This is where I live in Ginowan City, just above the Isakaya.
Looking back through previous posts, I read about exotic boating adventures to remote islands and the like. My recent posts are about medical checks. Oh dear.
Anyway, I get a letter from the Ginowan Town Hall about medical stuff. I cannot make it out and so seek help from the wonderful Shoko san at my local clinic. She explains that due to my decrepitude I can have a free mega total check up with emphasis on cancer screening. She sets an appointment for me in two days time. Next day, a Sunday, a polite man hand delivers an envelope containing the wherewithal for a stool test and full instructions in English of how to get to the test center etc. How did they know my address?
Thank you Japanese health service. I ask a Japanese friend if there are private hospitals and clinics. She said that she thought so but it didn’t make any difference as the charge to the patient is the same whether private or public. I don’t really understand and she could not really understand my questions.
Trouble with boat. The cord that hold the jib to the top of the Luff Spar has snapped and so the sail has slid down and thus sets badly and cannot be wound in neatly.
I have now renewed all the anti-slip paint around the cockpit and on the cabin hatch.
It is not a classic vintage for irises. I am a bit early and only few irises are in bloom. More importantly, this is clearly a year of change as many of the old plants have been ripped out and there are large areas of newly planted irises that will not flower until next year.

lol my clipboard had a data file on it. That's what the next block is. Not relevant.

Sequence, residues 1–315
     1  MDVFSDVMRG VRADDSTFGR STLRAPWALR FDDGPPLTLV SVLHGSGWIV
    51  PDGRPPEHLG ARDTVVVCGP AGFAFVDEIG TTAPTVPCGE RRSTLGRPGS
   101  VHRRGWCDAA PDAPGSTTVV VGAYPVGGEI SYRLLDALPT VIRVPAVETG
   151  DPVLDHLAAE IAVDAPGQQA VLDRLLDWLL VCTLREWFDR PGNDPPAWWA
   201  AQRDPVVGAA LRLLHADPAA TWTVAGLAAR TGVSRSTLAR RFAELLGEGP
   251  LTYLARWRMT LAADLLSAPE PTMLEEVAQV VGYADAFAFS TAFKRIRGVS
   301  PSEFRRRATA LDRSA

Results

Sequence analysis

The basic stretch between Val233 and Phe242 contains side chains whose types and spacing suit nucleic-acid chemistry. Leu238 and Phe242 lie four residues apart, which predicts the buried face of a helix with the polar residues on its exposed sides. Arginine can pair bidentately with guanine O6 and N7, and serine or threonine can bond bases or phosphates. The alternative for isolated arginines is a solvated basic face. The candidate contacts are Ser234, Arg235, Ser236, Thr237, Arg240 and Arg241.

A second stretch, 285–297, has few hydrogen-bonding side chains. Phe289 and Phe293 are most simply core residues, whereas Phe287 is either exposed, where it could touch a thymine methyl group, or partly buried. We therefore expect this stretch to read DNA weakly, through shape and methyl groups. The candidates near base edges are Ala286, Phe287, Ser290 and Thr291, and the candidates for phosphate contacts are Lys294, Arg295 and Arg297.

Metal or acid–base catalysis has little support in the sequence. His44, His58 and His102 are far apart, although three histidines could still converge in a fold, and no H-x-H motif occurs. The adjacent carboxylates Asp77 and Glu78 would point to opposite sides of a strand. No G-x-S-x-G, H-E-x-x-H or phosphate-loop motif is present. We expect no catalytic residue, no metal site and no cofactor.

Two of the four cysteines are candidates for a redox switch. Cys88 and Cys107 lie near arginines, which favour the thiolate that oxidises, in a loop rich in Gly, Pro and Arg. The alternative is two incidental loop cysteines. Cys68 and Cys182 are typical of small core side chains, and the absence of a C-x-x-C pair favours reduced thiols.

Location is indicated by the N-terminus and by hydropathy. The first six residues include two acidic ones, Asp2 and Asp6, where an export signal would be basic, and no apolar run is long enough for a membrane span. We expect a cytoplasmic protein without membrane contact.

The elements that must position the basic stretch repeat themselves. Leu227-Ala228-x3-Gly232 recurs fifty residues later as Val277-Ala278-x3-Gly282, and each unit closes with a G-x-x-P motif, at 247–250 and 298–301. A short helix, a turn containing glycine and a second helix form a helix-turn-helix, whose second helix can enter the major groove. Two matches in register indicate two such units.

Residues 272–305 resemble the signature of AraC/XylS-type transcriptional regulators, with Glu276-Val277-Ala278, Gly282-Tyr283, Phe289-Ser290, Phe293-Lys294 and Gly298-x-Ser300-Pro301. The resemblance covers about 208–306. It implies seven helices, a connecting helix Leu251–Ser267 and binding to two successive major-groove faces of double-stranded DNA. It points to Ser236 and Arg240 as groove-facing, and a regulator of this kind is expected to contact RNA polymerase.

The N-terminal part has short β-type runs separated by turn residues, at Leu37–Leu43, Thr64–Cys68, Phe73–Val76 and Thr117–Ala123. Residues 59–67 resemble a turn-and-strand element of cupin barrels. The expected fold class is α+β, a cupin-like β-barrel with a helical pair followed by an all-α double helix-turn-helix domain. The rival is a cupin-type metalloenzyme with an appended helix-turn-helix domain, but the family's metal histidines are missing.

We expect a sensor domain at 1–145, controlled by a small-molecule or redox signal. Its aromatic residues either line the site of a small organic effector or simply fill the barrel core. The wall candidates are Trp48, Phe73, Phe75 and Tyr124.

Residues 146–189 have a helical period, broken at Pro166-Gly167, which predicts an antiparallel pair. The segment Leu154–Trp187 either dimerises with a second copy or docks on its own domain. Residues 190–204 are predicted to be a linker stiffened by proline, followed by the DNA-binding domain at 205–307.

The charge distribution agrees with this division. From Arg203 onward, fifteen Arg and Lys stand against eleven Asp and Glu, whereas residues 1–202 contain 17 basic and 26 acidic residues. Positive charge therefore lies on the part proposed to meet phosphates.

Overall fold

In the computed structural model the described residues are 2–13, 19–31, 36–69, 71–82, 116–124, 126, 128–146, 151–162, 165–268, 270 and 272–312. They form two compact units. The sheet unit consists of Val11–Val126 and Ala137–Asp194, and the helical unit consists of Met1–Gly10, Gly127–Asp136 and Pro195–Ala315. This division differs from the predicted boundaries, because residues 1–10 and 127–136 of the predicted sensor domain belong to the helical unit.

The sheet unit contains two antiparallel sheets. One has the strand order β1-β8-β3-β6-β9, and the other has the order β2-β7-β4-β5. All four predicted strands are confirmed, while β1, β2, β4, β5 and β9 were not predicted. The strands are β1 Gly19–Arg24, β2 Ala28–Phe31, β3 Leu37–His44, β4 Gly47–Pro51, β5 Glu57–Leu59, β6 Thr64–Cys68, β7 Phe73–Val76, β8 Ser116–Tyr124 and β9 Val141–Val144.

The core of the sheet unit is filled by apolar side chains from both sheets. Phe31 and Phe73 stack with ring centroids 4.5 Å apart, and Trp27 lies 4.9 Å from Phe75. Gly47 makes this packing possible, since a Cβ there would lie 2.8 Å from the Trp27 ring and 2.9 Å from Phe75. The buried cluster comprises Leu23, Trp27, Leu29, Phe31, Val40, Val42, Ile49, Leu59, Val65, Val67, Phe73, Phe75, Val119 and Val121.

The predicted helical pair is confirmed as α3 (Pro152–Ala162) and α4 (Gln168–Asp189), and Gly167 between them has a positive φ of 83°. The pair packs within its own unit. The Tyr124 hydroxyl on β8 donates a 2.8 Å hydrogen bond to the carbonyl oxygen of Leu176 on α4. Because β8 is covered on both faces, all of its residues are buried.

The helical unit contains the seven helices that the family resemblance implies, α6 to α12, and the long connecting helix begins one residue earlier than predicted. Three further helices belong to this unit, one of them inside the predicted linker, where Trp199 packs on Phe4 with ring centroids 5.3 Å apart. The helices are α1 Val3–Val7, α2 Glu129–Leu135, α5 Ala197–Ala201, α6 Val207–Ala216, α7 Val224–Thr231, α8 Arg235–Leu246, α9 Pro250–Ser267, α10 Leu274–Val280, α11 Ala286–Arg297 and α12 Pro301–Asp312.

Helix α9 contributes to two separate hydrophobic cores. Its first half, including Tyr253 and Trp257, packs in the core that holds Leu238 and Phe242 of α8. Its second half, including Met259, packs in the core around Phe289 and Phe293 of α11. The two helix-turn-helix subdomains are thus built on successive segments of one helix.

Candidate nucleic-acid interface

I have been out on the boat a lot. Such a joy as everything is working. There are notwithstanding, as always, things that need finessing.
I notice that although the motor is working fine it seems to deliver less speed through the water. This is especially noticeable when going astern, like backing away from the pontoon. I decide that the cause is a dirty propeller. A guy in a bar once told me that a shiny propeller is very important and its efficiency is seriously compromised once dirty.
I decide to jump off the boat and scrape filth from the propeller and anything else I see that needs a bit of bullying. Masked, snorkeled and finned, I launch myself into the marina!
It is a lot of fun snooping around under the boat. It is March but already the sea is warm. I had trepidation before I took the plunge. I have not been feeling sporty of late. Would I be able to swim around underwater and above all, would I be able to negotiate the ladder fixed to the transom to get back into the boat?
Yes we can!
However new fins needed and must wear gloves as my hands are pretty badly lacerated. I understand better whyI gave up scuba diving. So much preparation! So much equipment/clothing!
I want instant gratification. I knew I should have worn gloves but I was too excited to put them on.
I go home feeling strangely fit. Skin glowing from the sea and the sun. Muscles aware that I had done some gentle exercise. I will go back to it tomorrow.
The marina is still swarming with millions of small fish.
I speak to the gentleman who is gently playing away outside the hotel entrance. We have never met before but have many, many friends in common both in The Bay Area and Japanese Irish music diaspora. How strange is that? I wish I had brought the flute.
The reason for the trip is dinner fun with Ichiro san, Tomomi san, Martine and Albrecht. We eat and drink like Kings or Emperors, if you prefer, in Ichiro san’s amazing gallery/studio. A wonderful evening full of humor.
As bees flee hame wi’ lades o’ treasure,
The minutes wing’d their way wi’ pleasure;
Kings may be blest, but we were glorious,
O’er a’ the ills o’ life victorious!
The next day I drove slowly down the East coast of Okinawa, stopping frequently to look at things. Nice to take things slowly.
When I get back to Ginowan, I go to check on the boat. The marina is full of big shoals of small fish. I love my marina. The water is so clean.